It all started with one problem
I was helping a friend with a specific problem in MATLAB, a common programming language used at our school, involving fluids. As we struggled with the problem for about an hour, we discovered the code itself was about fifteen years old. We were both shocked from how old the problem was. How can schools prepare students to tackle tomorrow's problems with dated coursework?
Throughout my college career, some of my classes used aged equipment and course material to teach students. This wasn't a problem for first and second year students because it was introductory information. These students had to learn the basics before anything else, but what about the juniors, seniors, advanced placement students, fifth years, etc?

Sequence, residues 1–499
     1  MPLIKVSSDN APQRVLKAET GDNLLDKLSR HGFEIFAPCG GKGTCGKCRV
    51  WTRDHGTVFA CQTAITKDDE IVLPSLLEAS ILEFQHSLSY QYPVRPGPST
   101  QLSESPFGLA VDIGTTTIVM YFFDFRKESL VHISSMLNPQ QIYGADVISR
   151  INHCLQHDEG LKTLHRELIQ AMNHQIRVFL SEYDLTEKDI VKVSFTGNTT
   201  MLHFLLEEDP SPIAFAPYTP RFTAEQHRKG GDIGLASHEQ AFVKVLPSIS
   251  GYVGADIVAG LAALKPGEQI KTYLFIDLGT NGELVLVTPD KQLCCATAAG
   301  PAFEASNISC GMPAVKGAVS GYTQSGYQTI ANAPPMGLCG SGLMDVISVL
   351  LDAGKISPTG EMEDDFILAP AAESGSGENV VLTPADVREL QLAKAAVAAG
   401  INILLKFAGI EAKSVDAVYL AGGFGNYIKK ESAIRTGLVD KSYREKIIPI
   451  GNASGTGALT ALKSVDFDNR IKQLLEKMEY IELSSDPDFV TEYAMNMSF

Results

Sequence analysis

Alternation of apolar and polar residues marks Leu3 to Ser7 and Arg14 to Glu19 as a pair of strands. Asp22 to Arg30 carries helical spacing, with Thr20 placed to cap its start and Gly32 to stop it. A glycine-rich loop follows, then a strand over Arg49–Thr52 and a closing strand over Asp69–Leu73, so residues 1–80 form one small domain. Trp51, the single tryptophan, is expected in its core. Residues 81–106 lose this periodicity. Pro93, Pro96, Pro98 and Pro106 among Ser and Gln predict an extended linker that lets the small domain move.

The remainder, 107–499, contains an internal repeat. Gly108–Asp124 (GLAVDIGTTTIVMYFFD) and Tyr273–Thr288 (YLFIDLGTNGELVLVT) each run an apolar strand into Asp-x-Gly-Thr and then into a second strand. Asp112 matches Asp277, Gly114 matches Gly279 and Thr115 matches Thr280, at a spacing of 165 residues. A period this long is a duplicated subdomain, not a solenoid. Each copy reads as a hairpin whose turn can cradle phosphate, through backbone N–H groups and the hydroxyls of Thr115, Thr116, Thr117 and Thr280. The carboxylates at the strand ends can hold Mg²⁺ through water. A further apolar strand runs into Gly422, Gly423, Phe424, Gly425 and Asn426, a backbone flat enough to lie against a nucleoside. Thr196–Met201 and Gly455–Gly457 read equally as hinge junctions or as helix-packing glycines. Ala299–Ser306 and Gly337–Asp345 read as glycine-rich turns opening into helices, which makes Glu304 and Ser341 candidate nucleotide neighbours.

There seems to be a gap between what we are taught and what is relevant to learn. Fifteen years doesn't seem like a long time, but within the technology community, many things could change within that time frame. Many of my teachers explained that extra funding and grants for new technology was focused to specialized courses, which were only offered to master, PH.D, or research students. Shouldn't students be exposed to current, challenging issues early in their coursework to entice them to even higher education opportunities?